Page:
Peralta was the 2004 Indians Minor League Player of the Year as well as the International League Most Valuable Player for one of Cleveland's minor leagues affiliates, the Buffalo Bisons, after batting .326 with 44 doubles, 15 home runs and 86 runs batted in. Buffalo was also the International League champions that same season.
Each year from 2005 through 2015, Peralta reached at least 100 hits, and double figures in both home runs and doubles. He is a three-time MLB All-Star selection. He set single-season home run records for shortstops for two franchises – for the Indians in 2005, and the Cardinals in 2014. While a member of the Tigers in 2013, he served a 50-game suspension for his role in the Biogenesis performance-enhancing drug scandal.
The Cleveland Indians signed Peralta as an amateur free agent in 1999 and assigned him to the Dominican Summer League Indians that season. Peralta batted .303 with a .398 on-base percentage (OBP) and a .514 slugging percentage (SLG); 41 percent of his hits went for extra bases. Those figures were boosted by an unsustainable .373 batting average on balls in play (BABIP). Nevertheless, the Indians promoted him aggressively.
In 2000, the 18-year-old Peralta played for the Columbus RedStixx, the Class A affiliate of the Indians in the South Atlantic League. He batted .241 in 106 games, playing all but one game at shortstop (the other was at third base). The following season he advanced to the Kinston Indians, the Cleveland Indians High-A affiliate in the Carolina League. In 125 games, he batted .240. In 2002, Peralta moved up to the Double-A Akron Aeros, where he hit .281. In 2003, he batted .257 in 63 games with the Buffalo Bisons. After his 2003 call up to the major leagues, Peralta began to draw widespread attention for his hitting with the Aeros and Bisons.
In 2004, he batted .326 with 15 home runs (HR) and 86 runs batted in (RBI). He also scored 109 runs and stroked 44 doubles, the most ever in the Bisons' modern era, followed by 39 for Kevin Pillar in 2014. This offensive leap helped him win the International League Most Valuable Player Award that year and helped Buffalo win the Governors' Cup as the International League champions. He also received the Lou Boudreau Award as the Indians' 2004 Minor League Player of the Year.
Peralta made his Major League debut with Cleveland on June 12, 2003, filling in for the injured Gold Glove shortstop Omar Vizquel. He finished with a .227 batting average with four HR and 21 RBIs. The next season, despite his accomplishments at the Triple-A level, Peralta saw just 25 at bats (AB) in eight games at the major league level due to the presence of perennial fan-favorite Vizquel, who left the Indians as a free agent following the 2004 season.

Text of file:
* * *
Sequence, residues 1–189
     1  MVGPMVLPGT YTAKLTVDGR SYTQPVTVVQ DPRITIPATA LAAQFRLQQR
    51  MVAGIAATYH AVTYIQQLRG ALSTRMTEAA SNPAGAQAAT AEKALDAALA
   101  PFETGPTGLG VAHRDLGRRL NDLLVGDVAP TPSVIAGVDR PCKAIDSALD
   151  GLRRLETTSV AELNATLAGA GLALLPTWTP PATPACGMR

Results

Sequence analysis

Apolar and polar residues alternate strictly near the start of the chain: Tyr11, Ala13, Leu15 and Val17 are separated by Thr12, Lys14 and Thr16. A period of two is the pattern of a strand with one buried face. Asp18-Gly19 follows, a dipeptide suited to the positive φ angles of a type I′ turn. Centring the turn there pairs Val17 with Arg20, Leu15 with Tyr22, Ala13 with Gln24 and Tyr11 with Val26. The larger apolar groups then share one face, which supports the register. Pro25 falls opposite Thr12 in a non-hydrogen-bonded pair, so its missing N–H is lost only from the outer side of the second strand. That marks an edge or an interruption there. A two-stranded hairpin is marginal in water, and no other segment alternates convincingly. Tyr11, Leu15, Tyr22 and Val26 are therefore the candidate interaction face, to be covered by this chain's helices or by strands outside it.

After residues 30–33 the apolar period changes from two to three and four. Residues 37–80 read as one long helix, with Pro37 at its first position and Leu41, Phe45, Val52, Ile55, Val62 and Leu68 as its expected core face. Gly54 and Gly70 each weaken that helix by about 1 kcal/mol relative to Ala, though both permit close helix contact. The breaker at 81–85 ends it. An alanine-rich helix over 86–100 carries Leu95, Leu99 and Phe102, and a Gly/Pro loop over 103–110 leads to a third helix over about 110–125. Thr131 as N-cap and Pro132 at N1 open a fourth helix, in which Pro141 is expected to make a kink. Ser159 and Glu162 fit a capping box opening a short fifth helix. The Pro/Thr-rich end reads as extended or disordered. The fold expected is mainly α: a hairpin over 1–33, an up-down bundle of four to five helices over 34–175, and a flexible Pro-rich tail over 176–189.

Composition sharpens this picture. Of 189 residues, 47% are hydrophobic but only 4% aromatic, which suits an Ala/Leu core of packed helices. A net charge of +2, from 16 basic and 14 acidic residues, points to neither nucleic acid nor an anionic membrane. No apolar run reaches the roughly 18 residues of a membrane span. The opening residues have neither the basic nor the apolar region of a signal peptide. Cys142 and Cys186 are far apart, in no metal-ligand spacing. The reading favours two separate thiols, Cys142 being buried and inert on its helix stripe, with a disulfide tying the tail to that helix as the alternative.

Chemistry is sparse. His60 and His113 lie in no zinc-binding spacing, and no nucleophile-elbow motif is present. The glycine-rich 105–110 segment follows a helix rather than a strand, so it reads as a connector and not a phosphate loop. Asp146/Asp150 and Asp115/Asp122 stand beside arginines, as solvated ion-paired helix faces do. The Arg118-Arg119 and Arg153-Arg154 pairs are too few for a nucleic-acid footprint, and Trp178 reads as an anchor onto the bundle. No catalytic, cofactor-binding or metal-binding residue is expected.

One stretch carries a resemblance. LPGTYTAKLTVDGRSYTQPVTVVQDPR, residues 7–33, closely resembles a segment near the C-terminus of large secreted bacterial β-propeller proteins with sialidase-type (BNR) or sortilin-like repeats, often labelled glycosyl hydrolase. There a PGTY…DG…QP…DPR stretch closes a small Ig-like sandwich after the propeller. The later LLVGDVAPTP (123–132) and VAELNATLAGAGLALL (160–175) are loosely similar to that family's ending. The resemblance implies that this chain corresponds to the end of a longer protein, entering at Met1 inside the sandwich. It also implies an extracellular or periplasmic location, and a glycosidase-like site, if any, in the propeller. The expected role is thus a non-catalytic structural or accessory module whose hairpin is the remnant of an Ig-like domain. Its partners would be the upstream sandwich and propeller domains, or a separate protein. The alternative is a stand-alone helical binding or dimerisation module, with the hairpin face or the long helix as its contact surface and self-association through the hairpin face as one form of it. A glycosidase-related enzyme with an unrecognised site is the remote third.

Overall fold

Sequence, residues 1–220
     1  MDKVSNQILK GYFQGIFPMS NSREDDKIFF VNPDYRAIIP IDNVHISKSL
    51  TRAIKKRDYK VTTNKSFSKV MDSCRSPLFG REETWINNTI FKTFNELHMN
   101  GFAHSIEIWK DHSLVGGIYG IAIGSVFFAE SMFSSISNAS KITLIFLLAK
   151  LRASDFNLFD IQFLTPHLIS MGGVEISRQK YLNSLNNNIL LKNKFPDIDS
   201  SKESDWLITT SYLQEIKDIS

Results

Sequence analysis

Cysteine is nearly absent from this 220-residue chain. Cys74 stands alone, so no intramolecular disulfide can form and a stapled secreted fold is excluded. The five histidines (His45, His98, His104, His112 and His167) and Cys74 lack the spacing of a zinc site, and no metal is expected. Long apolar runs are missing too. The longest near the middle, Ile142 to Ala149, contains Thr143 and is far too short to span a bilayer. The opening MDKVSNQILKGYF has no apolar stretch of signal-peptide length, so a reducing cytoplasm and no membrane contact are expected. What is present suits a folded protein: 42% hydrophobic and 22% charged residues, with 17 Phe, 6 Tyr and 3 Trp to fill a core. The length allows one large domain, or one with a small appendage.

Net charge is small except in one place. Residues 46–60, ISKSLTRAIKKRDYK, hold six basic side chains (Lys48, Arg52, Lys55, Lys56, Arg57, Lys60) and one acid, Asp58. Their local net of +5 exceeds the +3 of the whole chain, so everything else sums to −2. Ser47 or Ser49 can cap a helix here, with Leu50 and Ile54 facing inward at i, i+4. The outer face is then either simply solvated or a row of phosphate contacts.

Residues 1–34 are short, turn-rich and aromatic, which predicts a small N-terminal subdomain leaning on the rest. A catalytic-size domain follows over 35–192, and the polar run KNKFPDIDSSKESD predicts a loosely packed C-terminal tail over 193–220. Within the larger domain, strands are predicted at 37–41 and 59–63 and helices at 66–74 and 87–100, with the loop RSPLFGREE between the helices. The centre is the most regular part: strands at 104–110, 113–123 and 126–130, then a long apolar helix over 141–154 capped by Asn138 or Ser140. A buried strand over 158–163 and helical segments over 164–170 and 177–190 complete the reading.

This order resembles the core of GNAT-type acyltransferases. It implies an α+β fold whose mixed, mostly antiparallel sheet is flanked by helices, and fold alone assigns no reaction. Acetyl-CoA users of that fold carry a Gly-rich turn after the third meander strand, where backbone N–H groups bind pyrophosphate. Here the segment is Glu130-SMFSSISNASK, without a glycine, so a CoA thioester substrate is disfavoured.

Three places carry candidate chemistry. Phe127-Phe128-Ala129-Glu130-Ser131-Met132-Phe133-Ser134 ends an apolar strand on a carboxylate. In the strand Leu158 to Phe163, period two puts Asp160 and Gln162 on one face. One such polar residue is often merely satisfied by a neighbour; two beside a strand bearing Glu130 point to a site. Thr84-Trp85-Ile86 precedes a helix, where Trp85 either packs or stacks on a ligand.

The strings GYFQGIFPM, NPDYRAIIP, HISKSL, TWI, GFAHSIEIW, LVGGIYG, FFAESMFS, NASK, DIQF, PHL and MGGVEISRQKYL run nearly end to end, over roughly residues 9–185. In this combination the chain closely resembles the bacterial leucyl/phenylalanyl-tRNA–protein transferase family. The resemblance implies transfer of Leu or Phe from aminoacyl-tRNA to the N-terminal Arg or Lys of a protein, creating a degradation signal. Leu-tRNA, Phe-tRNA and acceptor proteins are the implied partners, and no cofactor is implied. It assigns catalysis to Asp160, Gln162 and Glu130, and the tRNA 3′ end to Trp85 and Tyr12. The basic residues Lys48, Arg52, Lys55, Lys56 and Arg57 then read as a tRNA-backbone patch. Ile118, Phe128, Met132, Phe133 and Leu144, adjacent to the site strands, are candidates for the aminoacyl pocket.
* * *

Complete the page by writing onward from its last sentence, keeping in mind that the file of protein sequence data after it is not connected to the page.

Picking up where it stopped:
Peralta became Cleveland's full-time starting shortstop early in 2005 and batted .292. On July 3, he became affixed in the Indians' third slot in the batting order. Cleveland then won 23 of their next 33 games to put them one game behind the New York Yankees and Oakland Athletics in the Wild Card race late in August. He joined Woodie Held as the only shortstops in Indians' history to hit at least 20 HR. His 24 HR and 78 RBI set records for an Indians shortstop.
On March 10, 2006, Peralta agreed to a five-year contract with an option for a sixth year to stay with the Indians until the 2011 season. However, his 2006 season saw a decline both offensively and defensively from the previous season. At the start of spring training in 2007, it was revealed that Peralta suffered from vision problems in 2006 and had corrective LASIK eye surgery to deal with it.
After breaking an 0 for 8 skid on May 1, 2009, against the Detroit Tigers, Peralta's 86th career home run with the Indians broke the team record for shortstops Woodie Held had held. His HR was solo, providing the margin of victory for Cleveland in a 6–5 score.
Peralta hit his first inside-the-park home run on July 18, 2010, against Tigers pitcher Andy Oliver on a play in which outfielder Ryan Raburn crashed through the bullpen door attempting to catch the ball.
Ten days after hitting his first inside-the-park-home-run against the Tigers, the Indians traded Peralta to the Tigers for minor league pitcher Giovanni Soto and cash considerations. Because the club had already retired the number 2 – Peralta's uniform number as an Indian – in honor of Hall of Famer Charlie Gehringer, he chose the number 27 instead. On July 30, Peralta hit a home run in his first plate appearance (PA) as a Tiger, and then, another, two plate appearances later. After joining the Tigers, he returned to primarily playing shortstop. He made 46 appearances shortstop, nine at third base, four at designated hitter and two at first base for the remainder of the 2010 season.